Such an approach has been tried before with the same arguments presented to support it, but most have failed to gain traction with end users. Most recently, Trek even reversed course on its flagship Madone, reverting back to a standard seatstay-mounted rim brake on the current model after a brief — and widely criticized — experiment with a chainstay-mounted brake on the previous version.
Nevertheless, Felt certainly seems to have accomplished the goal of structural efficiency, which, when it comes to bike frames, essentially means doing a lot with a little. For the flagship FR FRD, claimed weight for a raw, unpainted 56cm frame is a staggering 685g without associated hardware — roughly 5% lighter than last year’s F-Series FRD despite the claimed stiffness increases.
Actual weight for my second-tier FR1 frame wasn’t quite sub-700g, but still a tidy 869g (51cm, with seatpost collar, rear derailleur hanger, and cable hardware), plus 297g for the matching fork (cut to 180mm, without compression assembly). Built up with a SRAM Red eTap wireless electronic groupset, Zipp 202 carbon clinchers, a 3T cockpit and seatpost, Prologo Nago Pas saddle, and 25mm-wide Schwalbe Pro One tires, my 51cm test bike tipped the scales at an excellent 6.71kg (14.79lb) without pedals.
Time to climb
Aerodynamic efficiency may be the key to getting from Point A to Point B as quickly as possible in most road riding situations, but there’s still no substitute for how a classically light-and-stiff machine performs when the pavement turns abruptly skyward.
Simply put, the FR1 feels like it was made for steep climbs where aerodynamics play a lesser role. The stout chassis and low total weight make for easy accelerations on challenging pitches, and the bike just feels incredibly efficient when you’re battling against gravity.
That stiffness isn’t confined to one area of the frame or another, either. Whereas some bikes can occasionally feel a bit disjointed (say, with a ultra-rigid rear triangle but a somewhat soft front triangle), the FR1 is pleasantly balanced and cohesive from tip to tail. That proverbial bank-vault-of-solidity feel carries through when either smoothly pedaling in the saddle or mashing squares and frenetically swinging the bars back and forth.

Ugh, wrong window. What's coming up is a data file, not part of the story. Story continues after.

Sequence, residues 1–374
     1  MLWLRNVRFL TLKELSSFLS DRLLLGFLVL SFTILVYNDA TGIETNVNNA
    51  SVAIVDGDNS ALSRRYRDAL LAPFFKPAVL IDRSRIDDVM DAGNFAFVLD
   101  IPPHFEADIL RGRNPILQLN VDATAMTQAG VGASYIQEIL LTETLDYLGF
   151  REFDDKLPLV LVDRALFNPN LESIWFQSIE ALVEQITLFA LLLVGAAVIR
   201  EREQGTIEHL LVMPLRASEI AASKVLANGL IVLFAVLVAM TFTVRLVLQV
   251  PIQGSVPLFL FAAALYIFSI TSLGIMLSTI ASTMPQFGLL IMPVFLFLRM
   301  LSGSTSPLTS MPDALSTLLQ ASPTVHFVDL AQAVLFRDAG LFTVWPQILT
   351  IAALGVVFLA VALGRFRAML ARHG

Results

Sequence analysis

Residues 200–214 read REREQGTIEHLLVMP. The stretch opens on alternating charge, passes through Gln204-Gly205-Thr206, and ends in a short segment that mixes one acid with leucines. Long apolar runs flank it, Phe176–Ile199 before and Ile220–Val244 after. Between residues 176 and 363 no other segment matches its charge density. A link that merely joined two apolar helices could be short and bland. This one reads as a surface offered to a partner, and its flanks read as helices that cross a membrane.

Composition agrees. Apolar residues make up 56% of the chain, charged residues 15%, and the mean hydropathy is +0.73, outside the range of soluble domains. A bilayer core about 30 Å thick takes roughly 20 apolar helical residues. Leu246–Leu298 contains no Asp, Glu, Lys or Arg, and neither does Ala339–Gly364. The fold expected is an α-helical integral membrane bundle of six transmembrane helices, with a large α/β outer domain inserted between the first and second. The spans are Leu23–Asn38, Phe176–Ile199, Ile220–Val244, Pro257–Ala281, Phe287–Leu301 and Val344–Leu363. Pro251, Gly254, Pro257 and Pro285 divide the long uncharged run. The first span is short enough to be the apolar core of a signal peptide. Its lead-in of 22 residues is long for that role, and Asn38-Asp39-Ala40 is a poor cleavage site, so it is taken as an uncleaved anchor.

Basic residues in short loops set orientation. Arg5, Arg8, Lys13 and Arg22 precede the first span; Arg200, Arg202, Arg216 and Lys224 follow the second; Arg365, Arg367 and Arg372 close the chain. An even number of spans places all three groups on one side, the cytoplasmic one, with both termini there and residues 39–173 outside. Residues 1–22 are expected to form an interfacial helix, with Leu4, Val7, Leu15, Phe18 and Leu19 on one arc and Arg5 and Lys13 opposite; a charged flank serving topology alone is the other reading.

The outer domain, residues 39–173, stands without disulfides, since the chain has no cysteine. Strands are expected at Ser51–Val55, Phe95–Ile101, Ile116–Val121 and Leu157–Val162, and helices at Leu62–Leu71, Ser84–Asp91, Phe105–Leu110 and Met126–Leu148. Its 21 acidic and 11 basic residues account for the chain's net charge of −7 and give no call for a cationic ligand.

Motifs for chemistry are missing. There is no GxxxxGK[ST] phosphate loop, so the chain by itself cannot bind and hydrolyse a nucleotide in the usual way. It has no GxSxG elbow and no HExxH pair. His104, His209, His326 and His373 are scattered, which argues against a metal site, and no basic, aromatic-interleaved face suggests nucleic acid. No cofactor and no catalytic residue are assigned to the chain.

According to Felt, that uniformity should carry through to other frame sizes, too, with tube sizes, steerer tube diameters, joint shapes, and lay-up schedules all adjusted as needed throughout the size range.
As an added bonus, that chassis consistency combines with smart geometry for highly predictable — not to mention entertaining — descending on fast and windy downhills. Felt may have raised the front end slightly relative to the previous F-Series, but the FR1 retains its quick and nimble handling personality, easily darting in and out of corners and happily adjusting its line through multi-radius turns. Riders accustomed to the more relaxed handling of endurance or all-road bikes may find the FR1 to be nervous or twitchy, but it’s wholly appropriate for the bike’s intended category.
As promised, ride comfort is improved over last year’s F-Series, albeit subtly. As is typical with well-engineered carbon fiber frames, the FR1 is smooth on well-maintained roads with excellent damping characteristics that keep vibration to a minimum. Larger bumps present a bigger challenge, of course, but the frame does a better job of taking the edge off than before.
Nevertheless, it’s still a firm ride overall, to the point where it can be challenging to hold your desired line if the pavement gets choppy through a corner. Moving from the stock 25mm-wide tires to 28mm ones helps in that regard, but at the expense of some of the bike’s fleet-footed feel.